GEORGE W. BUSH: Vows to Fix Medicare, Backs Drug Benefit
Accepting the presidential nomination at the GOP National Convention yesterday, Texas Gov. George W. Bush (R) jabbed rival Vice President Al Gore and "spelled out ... his agenda for legislative action," including health care, the New York Times reports. Bush said, "[The Clinton-Gore] administration had its chance. They have not led. We will." He vowed to "repair Medicare," stressing the importance of a prescription drug benefit for seniors (Apple, 8/4). "We will set [Medicare] on firm financial ground and make prescription drugs available and affordable to every senior who needs them," Bush said. He also proposed a tax credit for low-income Americans to purchase "the private health care insurance they need and deserve." Promising to correct the failures of the Clinton-Gore administration, Bush concluded, "At times, we lost our way. But we're coming home" (Speech text, Washington Post, 8/4).
Frist on Heath Care Stump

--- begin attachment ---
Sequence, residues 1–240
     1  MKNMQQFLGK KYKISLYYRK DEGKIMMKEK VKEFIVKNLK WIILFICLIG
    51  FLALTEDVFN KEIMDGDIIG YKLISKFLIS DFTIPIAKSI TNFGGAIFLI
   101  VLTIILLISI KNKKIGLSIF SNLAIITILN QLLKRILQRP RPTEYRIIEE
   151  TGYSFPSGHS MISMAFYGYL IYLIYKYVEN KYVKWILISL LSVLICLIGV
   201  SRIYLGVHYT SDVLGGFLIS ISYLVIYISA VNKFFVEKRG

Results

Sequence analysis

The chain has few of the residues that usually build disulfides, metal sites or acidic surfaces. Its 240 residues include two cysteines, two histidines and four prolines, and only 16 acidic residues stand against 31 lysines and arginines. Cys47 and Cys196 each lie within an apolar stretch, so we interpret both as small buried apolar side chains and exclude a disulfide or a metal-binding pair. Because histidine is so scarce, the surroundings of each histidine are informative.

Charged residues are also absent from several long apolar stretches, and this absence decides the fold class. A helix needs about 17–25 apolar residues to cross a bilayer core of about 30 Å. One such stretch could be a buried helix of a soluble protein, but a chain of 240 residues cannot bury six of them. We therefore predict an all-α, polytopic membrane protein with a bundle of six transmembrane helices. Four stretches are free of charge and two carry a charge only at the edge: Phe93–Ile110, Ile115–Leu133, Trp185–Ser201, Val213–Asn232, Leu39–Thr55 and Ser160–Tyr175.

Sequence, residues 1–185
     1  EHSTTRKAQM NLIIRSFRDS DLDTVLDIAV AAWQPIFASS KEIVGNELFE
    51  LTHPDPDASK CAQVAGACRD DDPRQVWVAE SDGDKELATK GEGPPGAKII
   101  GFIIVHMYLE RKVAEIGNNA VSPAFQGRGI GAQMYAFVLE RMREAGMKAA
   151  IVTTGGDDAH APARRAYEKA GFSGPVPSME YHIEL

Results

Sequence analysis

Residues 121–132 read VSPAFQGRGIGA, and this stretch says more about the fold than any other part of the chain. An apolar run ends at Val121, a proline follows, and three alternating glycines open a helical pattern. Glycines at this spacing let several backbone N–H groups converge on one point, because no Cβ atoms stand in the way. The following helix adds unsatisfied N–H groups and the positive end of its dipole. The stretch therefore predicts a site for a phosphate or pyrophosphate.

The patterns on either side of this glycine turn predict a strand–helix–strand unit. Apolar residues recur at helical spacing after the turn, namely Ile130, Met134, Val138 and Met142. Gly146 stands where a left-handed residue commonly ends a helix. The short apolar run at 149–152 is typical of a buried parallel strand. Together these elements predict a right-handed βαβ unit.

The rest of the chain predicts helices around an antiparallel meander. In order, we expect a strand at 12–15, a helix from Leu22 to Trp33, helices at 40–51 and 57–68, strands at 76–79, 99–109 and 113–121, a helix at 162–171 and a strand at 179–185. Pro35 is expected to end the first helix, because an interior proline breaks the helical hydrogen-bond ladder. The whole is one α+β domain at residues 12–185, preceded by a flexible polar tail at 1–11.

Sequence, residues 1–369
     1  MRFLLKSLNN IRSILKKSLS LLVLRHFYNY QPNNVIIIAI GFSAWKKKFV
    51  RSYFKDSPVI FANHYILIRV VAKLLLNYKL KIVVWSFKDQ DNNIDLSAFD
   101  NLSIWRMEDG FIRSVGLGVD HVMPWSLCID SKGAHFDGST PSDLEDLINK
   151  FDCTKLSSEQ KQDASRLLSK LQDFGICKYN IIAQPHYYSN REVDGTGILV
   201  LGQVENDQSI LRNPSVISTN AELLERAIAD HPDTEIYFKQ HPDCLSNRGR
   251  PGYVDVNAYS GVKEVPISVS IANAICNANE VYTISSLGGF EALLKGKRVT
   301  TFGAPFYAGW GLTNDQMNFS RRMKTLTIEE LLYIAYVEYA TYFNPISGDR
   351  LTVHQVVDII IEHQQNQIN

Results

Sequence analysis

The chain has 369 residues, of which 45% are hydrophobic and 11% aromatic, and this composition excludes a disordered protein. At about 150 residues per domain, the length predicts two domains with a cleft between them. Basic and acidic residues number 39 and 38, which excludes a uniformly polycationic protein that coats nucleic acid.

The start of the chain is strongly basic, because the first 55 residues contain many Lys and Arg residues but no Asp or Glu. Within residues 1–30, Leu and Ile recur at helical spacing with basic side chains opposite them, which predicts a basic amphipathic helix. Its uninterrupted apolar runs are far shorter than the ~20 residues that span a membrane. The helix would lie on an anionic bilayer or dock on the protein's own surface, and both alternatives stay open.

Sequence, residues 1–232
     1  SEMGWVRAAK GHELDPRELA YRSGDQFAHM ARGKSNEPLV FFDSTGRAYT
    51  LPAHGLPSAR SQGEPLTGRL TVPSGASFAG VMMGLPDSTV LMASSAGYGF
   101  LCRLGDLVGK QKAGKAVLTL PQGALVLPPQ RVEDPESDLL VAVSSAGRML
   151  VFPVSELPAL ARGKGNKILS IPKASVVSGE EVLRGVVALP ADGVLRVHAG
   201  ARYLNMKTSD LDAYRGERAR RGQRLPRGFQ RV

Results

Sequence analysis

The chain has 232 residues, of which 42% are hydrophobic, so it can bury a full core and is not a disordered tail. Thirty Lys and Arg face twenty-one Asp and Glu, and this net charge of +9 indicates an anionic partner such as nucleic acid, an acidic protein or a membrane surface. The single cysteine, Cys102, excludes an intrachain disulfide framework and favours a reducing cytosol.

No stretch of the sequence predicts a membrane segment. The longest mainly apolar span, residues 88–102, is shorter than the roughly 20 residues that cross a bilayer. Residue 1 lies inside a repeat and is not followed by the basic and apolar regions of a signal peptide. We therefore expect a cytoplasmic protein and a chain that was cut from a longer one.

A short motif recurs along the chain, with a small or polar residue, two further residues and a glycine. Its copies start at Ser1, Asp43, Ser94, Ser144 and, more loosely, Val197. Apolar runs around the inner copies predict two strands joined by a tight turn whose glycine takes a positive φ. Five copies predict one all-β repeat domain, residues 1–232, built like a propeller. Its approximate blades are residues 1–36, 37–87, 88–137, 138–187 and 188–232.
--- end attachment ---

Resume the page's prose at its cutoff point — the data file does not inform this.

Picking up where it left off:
Meanwhile, Sen. Bill Frist (R-Tenn.) gave a four-minute address on health care at the GOP Convention yesterday, calling for better access with less government regulation, the Chattanooga Times & Free Press reports. Frist said, "[T]he patient and the doctor must be at the heart of all medical decisions -- not some HMO bureaucrat." He also praised the health care reforms Bush implemented in Texas, touting Bush's ability to bring that leadership to the national stage. "Under George W. Bush's caring leadership, we will be able to guarantee the rights of all patients," Frist said, adding, "Only under his direction can we forge the bipartisan coalition necessary to strengthen Medicare. Under George W. Bush's tenure, seniors will no longer have to face the impossible choice between putting food on the table and paying for their medicines." Democrats, however, chided the proposed GOP Medicare reform plan, calling it "empty promises." According to Ellen Mellody, director of the Gore 2000 Southern Campaign, "It's flawed in several areas. Their plan leaves millions of seniors and disabled without coverage" (Commins, 8/4).